Thanksgiving at Mariandy's
Yesterday was Thanksgiving in the United States. This holiday is unique to the Western hemisphere, mostly the U.S. (Canada celebrated their Thanksgiving in October). According to our history books, the first Thanksgiving in 1621 was a celebration shared by early settlers and local natives in Plymouth Colony (Massachusetts). The food at that celebration was native to the area. This is why we now typically include foods like cranberries, squash, and turkey in our traditional Thanksgiving meal - although I'm not sure that turkey was part of the original meal.
When I was growing up on a farm in North Carolina, we had a more localized Thanksgiving meal. Sure, there was turkey, but it wasn't unusual for us to have steamed oysters (fresh from the coast) or stewed venison if my Granddad or one of my cousins had recently been hunting. We always had sweet potatoes in the form of a casserole (with lots of brown sugar and marshmallows on top) or "pudding" or pie. We preferred pecan pie to pumpkin pie. I'm sorry to say that I don't remember my Mom making fresh cranberry sauce, and I think what we had (if we had any) was from a can. It was good, though.
Just before we ate, we'd all take turns naming things we were thankful for. My parents would name our family, our house, and our health. My gratefulness was more selfish and revolved around getting good grades in school, or new toys or clothes, and Carolina beating State in basketball. This became a sort of joke with my sister and I and I remember once she said she was thankful for Wonder Woman, hair spray, and leg warmers.
After the big meal (which was always in the middle of the day), we'd sit around for a while watching football, then go for walks in the woods or get the rifles out and do some target shooting. I learned how to shoot at the age of 9 and was quite the sharpshooter. In fact, I was often the one who "brought home the turkey" as I always won a turkey challenge at the annual Barker Ten Mile Turkey Shoot. (No, you don't shoot at turkeys - you shoot at a target.)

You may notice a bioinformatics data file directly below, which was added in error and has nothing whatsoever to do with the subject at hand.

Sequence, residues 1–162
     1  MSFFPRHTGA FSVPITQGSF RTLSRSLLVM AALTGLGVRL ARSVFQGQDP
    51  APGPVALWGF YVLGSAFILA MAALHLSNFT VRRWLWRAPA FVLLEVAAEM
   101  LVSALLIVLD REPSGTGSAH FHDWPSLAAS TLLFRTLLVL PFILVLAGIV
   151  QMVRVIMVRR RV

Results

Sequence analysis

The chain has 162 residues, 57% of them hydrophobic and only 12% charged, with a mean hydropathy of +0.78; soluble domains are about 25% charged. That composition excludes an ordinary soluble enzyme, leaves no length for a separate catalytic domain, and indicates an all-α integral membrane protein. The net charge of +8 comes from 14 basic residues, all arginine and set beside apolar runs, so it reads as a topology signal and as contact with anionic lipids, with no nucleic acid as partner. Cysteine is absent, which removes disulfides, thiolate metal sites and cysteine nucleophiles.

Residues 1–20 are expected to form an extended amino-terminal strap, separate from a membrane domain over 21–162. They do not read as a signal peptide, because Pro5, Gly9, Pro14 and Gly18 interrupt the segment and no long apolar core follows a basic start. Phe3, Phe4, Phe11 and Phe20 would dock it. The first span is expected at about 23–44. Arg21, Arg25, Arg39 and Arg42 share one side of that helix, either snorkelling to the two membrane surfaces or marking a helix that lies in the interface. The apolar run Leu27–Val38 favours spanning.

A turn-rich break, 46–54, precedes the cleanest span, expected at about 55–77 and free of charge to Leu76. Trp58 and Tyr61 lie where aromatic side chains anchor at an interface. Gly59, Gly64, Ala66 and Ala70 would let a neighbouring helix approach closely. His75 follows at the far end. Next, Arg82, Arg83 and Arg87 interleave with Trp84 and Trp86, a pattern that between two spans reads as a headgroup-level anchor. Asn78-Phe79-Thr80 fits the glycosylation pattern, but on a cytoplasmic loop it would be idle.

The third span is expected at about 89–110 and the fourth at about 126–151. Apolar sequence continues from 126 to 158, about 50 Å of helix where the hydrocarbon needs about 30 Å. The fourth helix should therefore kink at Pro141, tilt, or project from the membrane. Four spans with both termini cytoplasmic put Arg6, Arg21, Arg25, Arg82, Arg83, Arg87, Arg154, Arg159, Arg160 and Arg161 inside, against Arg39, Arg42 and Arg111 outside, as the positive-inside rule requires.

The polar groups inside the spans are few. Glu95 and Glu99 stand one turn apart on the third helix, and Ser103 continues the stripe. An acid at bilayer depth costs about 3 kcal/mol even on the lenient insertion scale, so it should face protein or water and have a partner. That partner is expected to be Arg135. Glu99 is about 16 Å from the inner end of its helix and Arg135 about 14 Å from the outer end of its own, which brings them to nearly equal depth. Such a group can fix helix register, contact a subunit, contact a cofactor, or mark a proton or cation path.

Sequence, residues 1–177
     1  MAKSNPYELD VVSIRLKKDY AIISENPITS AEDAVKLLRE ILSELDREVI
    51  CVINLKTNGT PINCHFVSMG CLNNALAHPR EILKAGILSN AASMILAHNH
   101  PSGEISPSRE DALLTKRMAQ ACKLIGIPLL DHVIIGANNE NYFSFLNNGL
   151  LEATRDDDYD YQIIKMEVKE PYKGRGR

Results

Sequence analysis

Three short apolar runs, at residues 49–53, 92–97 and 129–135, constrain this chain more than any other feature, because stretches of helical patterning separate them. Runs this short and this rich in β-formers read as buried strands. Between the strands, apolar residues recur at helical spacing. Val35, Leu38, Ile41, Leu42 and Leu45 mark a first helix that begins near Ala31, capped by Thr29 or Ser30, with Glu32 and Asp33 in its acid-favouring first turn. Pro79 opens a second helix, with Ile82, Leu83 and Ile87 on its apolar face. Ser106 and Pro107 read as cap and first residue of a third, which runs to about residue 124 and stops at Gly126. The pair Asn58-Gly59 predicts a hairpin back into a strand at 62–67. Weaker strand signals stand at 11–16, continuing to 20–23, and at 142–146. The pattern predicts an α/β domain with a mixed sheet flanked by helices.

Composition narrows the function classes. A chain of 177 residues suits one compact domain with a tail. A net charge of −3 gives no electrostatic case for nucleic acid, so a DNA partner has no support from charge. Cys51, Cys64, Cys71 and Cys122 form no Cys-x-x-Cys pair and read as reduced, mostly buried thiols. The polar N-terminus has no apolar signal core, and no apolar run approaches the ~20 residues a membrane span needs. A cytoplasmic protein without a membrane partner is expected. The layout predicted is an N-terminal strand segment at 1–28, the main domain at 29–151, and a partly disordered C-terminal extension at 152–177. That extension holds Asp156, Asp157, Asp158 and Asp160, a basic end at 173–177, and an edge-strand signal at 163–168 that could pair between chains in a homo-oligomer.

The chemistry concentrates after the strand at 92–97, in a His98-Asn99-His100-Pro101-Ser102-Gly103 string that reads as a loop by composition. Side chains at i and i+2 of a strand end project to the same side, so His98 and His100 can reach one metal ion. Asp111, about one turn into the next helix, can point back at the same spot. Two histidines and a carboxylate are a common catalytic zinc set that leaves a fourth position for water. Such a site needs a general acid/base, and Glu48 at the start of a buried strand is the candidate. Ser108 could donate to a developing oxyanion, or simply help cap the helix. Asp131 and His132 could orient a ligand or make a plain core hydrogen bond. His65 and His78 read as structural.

In the 1990s, when my parents moved to the beach, we ditched the turkey for a "Low Country" Thanksgiving meal. My Mom would get some oysters, shrimp, and clams from the local seafood market. You couldn't get any fresher, because most of the stuff was caught the same day as it was sold. She'd clean the shrimp and throw them in a big stew pot with the clams, corn on the cob, potatoes, some seasonings, water, and maybe a few other things - and bring it all to a boil. Meanwhile, my Dad would take care of the oysters, which would be served separately. Mom would make a broccoli salad and at least one sweet potato dish, and along with the usual pecan pie that would be our Thanksgiving meal.
I decided to return to a traditional meal when I set up my house in Indiana. For several years now, I've taken the entire week of Thanksgiving off work in order to prepare the Thanksgiving Day meal. That's right, folks, we go all out in this house - and nearly everything is homemade "from scratch." I started cooking Monday night. First, I cooked the cranberry sauce. On Tuesday, I went to my favorite grocery stores up North (Whole Foods and Fresh Market) to get the last of our needed items. On Wednesday, I made the pumpkin pie and a loaf of pumpkin bread with creme cheese icing, and did as much prep work for Thursday as possible. Yesterday, I rubbed our Indiana free range turkey with some spices, then roasted it in the oven. While the turkey cooked, I made a green bean casserole, some cranberry pecan stuffing, a homemade French vinaigrette salad dressing, and an amazing hot cranberry drink. Just prior to the meal, I made my soon-to-be famous roasted garlic mashed Yukon gold potatoes, and prepared the salad.
Up above is a photo showing some of the things I made. :-)
The meal was finally ready at around 5:30PM and was enjoyed by four people. The turkey was perfect - brown on the outside, tender and juicy on the inside. The pumpkin pie was a big hit - I'll have to put my recipe for that on my Food for Thought blog.
We have new Thanksgiving traditions now. We cook, we watch the National Dog Show, and we eat. We also play with our new tech toys. I will always remember Thanksgiving 2008 because I spent my cooking "downtime" playing guitar and drums on Rock Band. (The "from us/to us" Christmas present this year, a Nintendo Wii and Rock Band, arrived early so we went ahead and set it up.) I'll have to do a separate entry on Rock Band sometime, because I think I may have found a new addiction.
But we also take time to think about all the things we're thankful for. This year, I don't have to look real far. I'm thankful for my family, my friends, my animal children, my job, my home, and for all the places I have seen and experiences I have had this year.
I'm also thankful that someone else does the dishes. And that now, I can take the next few days and RELAX!